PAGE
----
Where’s the Cod?: Toward a Predictive Model of Prehistoric Land-use and Migration in the Aleutian Islands
This study explores human/environment interactions in the Aleutian archipelago by pairing eco-niche modeling of cod (Gaddus sp.), a primary subsistence species, with prehistoric archaeological site distribution using a GIS platform. The distributions of site locations and cod habitat simulated using GARP software at multiple time slices through the Holocene show strong spatial and temporal correlation. Both site location and cod distribution are time transgressive with a pattern of westward expansion across the island chain through the Holocene. These data suggest that ecological resilience was an adaptive strategy practiced throughout the Holocene by hunter-gatherers in the Aleutian Islands. This study highlights the analytical potential of using eco-niches of subsistence species in conjunction with the geographic distribution of resources critical to survival such as fresh water and lithic material in developing predictive models of land-use and for formulating and testing hypotheses about the adaptive strategies of coastal hunter-gatherers.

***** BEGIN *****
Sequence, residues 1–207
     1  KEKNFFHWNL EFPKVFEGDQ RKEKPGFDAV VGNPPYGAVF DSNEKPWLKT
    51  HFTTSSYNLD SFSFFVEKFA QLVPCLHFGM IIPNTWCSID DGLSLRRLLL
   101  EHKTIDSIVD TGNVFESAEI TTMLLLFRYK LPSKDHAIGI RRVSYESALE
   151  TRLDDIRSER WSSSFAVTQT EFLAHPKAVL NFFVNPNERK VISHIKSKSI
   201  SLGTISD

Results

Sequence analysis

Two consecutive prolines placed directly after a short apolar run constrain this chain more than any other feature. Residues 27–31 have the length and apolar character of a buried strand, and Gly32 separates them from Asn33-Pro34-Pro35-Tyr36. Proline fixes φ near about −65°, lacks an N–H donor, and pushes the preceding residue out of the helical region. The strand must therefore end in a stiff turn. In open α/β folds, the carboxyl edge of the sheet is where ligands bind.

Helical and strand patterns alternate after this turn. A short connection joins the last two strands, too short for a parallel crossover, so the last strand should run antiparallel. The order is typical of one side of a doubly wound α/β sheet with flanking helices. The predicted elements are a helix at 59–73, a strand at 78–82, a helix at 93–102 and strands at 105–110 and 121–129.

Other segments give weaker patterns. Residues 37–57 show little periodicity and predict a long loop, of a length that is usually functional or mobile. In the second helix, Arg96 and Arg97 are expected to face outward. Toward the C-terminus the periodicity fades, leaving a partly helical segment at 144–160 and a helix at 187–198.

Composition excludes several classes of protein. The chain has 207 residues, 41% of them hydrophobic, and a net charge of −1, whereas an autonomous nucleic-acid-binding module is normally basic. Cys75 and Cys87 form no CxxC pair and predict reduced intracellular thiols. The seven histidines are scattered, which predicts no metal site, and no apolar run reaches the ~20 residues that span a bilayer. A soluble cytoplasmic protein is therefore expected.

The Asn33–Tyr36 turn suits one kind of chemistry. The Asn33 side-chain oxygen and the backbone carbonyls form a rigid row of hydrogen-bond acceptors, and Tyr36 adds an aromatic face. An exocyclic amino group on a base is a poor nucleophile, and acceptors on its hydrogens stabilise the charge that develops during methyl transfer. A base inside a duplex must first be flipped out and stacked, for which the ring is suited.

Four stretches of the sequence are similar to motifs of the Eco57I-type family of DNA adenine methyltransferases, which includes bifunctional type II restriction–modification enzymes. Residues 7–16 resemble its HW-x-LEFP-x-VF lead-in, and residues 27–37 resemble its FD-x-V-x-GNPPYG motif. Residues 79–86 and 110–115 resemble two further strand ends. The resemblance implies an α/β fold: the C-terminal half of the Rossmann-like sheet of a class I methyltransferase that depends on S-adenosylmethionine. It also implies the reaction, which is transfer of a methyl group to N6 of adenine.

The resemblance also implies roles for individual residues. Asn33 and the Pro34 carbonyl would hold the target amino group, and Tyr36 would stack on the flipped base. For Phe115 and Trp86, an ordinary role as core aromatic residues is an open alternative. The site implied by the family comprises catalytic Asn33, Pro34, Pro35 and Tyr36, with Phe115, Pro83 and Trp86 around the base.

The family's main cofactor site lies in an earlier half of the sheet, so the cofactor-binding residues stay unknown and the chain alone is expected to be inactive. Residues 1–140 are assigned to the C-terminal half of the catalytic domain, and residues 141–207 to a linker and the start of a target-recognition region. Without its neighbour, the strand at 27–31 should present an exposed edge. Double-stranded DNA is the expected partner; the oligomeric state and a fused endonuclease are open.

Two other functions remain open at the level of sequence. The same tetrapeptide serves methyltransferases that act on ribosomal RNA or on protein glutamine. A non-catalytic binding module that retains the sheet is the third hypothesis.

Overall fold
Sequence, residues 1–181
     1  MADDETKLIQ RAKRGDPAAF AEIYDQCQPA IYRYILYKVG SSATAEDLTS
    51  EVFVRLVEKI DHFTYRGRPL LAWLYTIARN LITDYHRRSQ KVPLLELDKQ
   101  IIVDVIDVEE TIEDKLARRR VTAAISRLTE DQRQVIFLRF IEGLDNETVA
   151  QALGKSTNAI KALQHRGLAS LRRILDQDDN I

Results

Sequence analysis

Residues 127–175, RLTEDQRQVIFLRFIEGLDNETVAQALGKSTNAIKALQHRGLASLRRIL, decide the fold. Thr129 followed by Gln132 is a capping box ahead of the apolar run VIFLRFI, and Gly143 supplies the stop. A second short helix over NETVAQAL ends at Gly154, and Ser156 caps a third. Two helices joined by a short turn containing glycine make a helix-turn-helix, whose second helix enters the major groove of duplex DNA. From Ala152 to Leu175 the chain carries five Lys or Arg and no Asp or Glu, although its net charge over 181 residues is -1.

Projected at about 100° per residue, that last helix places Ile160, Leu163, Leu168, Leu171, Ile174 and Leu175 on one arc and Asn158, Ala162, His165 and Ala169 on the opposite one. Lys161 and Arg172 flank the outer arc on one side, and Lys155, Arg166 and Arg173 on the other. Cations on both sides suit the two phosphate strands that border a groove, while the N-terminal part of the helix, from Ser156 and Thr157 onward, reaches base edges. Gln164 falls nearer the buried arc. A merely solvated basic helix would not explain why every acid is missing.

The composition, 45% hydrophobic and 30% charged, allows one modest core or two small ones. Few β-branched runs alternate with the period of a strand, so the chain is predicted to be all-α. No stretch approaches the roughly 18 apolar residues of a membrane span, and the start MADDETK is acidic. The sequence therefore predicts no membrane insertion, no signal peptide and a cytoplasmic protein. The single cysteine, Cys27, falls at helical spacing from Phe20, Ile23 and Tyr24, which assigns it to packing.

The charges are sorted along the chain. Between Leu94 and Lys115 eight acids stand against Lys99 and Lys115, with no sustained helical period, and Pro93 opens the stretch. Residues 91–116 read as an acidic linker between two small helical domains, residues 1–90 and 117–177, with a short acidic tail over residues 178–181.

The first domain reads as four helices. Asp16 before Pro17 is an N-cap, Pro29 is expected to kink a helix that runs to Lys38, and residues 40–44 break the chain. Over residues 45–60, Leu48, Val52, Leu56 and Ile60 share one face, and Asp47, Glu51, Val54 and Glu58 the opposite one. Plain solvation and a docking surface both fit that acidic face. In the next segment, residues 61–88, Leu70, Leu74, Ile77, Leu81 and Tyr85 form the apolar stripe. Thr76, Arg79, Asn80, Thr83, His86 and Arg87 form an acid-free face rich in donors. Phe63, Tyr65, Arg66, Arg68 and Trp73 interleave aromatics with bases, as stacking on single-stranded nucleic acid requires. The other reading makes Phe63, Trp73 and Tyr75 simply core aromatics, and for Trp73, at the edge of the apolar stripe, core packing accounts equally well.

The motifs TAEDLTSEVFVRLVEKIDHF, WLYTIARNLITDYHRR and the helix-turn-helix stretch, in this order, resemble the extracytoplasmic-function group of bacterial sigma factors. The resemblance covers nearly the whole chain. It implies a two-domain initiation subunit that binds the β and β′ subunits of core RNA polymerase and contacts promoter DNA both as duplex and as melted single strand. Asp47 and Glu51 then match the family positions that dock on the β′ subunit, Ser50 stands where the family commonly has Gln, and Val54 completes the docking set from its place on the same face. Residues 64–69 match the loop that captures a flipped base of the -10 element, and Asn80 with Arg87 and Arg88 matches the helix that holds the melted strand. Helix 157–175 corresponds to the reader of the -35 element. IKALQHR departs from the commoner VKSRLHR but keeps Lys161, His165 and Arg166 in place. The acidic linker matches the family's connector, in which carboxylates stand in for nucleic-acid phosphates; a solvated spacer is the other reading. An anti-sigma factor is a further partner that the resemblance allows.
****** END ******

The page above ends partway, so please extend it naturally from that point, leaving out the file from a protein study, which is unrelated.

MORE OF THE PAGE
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This Resource is Part of the Following Collections
- Society for American Archaeology 80th Annual Meeting, San Francisco, CA (2015) •
- Current Problems in Arctic Research
Cite this Record
Where’s the Cod?: Toward a Predictive Model of Prehistoric Land-use and Migration in the Aleutian Islands. Kale Bruner, Hannah Owens. Presented at The 80th Annual Meeting of the Society for American Archaeology, San Francisco, California. 2015 ( tDAR id: 395758)
North America - NW Coast/Alaska
min long: -169.717; min lat: 42.553 ; max long: -122.607; max lat: 71.301 ;